Editor’s note this article has been updated to reflect recent testing results.
There has been an upswing in COVID-19 cases in Audrain County.
In the space of a week the number of active cases has gone from two to 56. As of May 26 there have been no COVID-19 related deaths and one patient listed as totally recovered.
Sandra Hewlett, DHA, administrator of the Audrain County Health Department said the majority of the 24 new cases, were associated with hog confinement farms located in western Audrain and Southern Monroe counties.
According to an Audrain County Health Department news release dated May 26, Audrain county is now the site of 56 active cases of COVID-19. None of them are travel-related, all are attributed to community transmission, there is one documented recovery and no deaths attributed to COVID-19.
COVID-19 testing will be available this weekend, Hewlett said in a news release, at the University of Missouri Hospital Drive-Thru in the Hearnes parking lot behind the MU football field. The hours are Friday, May 22, from 8 a.m. to 7 p.m. Saturday and Sunday, May 22-23 8 a.m. to 1 p.m. “A doctor’s order is not needed for testing.”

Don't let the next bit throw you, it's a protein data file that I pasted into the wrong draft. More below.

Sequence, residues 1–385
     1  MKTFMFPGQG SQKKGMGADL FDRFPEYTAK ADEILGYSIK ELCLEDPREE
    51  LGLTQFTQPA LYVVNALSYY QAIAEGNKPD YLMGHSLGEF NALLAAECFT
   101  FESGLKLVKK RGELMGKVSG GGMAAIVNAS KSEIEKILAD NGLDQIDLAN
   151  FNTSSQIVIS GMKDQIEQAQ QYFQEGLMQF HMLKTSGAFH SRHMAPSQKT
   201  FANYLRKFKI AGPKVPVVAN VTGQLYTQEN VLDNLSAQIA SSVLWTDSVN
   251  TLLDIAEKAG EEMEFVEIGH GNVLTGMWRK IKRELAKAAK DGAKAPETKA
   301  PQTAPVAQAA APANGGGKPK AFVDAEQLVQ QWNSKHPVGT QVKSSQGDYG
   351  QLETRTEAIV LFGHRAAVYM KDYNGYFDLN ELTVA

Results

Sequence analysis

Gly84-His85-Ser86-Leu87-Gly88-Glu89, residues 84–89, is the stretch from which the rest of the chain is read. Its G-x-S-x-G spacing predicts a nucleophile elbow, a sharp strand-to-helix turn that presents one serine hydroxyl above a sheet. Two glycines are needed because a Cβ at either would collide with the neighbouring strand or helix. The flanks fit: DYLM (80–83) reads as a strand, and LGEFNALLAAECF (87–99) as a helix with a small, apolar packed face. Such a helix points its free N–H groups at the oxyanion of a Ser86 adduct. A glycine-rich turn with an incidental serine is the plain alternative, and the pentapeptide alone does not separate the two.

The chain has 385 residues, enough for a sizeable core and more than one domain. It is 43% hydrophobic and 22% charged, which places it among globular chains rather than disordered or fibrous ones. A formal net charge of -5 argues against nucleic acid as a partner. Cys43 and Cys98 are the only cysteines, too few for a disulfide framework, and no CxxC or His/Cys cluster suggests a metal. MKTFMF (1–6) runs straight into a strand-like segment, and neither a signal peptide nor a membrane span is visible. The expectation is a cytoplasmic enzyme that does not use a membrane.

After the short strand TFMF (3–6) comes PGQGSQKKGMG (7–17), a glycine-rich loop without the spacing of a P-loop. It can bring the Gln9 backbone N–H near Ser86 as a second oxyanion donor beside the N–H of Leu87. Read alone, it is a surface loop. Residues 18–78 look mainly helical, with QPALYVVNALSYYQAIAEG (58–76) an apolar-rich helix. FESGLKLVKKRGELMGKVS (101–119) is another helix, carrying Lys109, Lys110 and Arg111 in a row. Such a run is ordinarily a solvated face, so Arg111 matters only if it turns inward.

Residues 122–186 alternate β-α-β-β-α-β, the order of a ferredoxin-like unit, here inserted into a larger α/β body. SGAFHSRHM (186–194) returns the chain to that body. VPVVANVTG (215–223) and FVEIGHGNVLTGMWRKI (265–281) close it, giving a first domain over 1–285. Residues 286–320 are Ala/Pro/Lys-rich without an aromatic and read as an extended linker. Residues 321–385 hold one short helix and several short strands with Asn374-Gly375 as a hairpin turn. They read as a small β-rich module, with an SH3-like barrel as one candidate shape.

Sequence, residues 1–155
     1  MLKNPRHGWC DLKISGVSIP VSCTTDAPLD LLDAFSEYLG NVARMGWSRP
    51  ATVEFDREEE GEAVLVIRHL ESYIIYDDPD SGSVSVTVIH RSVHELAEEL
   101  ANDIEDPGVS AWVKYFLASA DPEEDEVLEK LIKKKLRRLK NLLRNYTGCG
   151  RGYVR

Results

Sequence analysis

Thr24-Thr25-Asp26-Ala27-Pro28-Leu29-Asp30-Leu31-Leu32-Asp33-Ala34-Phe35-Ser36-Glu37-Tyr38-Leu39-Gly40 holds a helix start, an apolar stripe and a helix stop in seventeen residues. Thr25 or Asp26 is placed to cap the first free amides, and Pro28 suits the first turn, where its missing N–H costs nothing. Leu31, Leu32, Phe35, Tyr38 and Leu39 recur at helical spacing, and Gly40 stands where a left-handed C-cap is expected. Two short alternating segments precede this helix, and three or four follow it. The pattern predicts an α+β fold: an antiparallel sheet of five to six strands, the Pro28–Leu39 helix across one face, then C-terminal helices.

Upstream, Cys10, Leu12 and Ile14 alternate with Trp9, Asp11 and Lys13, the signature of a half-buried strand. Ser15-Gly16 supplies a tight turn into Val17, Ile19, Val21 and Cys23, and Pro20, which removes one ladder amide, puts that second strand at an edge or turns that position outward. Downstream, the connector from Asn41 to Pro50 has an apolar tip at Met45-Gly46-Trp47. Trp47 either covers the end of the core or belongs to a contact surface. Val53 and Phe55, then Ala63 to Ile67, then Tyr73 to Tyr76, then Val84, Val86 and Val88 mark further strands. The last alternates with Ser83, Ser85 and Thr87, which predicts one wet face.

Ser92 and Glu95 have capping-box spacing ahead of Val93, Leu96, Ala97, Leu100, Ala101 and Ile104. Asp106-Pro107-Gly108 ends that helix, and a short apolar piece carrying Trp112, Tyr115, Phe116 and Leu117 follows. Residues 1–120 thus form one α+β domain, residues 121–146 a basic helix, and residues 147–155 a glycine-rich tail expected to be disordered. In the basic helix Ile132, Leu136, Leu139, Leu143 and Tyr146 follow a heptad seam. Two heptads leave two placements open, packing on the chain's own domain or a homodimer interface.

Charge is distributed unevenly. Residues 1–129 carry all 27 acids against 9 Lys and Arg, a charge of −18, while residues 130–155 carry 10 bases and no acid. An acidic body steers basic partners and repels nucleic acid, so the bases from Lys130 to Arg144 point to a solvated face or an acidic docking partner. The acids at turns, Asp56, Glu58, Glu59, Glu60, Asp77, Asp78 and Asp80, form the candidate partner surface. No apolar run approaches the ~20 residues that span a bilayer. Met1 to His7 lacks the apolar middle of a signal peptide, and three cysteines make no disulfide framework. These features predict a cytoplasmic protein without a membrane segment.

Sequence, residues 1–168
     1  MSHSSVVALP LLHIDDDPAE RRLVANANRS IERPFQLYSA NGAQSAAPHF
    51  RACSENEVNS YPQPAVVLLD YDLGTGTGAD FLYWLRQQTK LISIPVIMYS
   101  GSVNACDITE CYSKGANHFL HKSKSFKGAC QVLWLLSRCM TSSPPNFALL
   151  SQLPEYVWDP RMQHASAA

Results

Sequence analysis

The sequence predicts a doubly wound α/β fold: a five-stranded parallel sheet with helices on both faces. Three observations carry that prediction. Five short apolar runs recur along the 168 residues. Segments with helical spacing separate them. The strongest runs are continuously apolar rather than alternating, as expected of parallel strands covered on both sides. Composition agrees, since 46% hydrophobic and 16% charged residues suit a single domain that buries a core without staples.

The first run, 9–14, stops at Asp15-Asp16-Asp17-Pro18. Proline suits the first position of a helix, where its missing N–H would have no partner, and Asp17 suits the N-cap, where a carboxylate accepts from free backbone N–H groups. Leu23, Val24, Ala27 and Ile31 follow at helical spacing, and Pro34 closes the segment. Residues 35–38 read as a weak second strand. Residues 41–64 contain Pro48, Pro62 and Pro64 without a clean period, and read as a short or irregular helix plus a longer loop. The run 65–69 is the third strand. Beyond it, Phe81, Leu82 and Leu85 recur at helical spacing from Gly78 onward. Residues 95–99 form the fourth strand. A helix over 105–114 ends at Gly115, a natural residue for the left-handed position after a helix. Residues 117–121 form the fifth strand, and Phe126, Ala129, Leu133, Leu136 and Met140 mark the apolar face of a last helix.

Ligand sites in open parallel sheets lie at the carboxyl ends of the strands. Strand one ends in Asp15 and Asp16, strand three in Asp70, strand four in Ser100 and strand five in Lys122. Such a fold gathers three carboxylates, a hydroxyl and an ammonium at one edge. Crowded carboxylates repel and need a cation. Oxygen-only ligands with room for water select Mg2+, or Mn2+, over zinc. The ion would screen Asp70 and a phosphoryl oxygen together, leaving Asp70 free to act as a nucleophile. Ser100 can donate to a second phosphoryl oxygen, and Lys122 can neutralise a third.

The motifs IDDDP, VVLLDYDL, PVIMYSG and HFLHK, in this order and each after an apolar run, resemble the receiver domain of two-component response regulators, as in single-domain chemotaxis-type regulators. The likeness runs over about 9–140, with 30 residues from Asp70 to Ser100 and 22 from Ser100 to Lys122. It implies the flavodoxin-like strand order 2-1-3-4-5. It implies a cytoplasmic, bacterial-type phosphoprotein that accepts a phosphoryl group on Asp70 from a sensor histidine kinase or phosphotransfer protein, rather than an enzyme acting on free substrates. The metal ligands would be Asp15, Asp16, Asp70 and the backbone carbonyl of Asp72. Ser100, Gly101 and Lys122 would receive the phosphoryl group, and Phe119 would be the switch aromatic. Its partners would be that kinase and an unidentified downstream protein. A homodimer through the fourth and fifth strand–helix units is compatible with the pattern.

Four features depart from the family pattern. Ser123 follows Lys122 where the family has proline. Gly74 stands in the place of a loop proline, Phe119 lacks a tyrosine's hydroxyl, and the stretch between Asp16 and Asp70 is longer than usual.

Hewlett said the owners of the two CAFOs, Brenneman Pork Farms of Washington, Iowa are committed to making sure that Audrain County residents and their employees remain their 1st priority”.
The two sites, Hewlett said, each employ between 28 and 30 people and the company has testing all of their employees.
Currently, she said, those who have tested positive are isolating at home.
She said the hog farms now account for 50% of COVID-19 infections in the county, but the rest are unrelated to the hog farms and are in the community at large.
Ten individuals have recovered to date and more recoveries are expected this week.
Hewlett said people should not relax their vigilance and continue to practice CDC-recommended precautions such as:
• Wash your hands often,
• Avoid close contact
• Cover your mouth and nose with a cloth face cover when around others
• Cover coughs and sneezes
• Clean and disinfect
The virus, she said, can live airborne for up to two hours.
This is not going away, it is not over yet,” Hewlett said, “and protective measures are vital to keeping Audrain County residents safe.”
For more on this ongoing situation, visit www.firesideguard.com on Friday.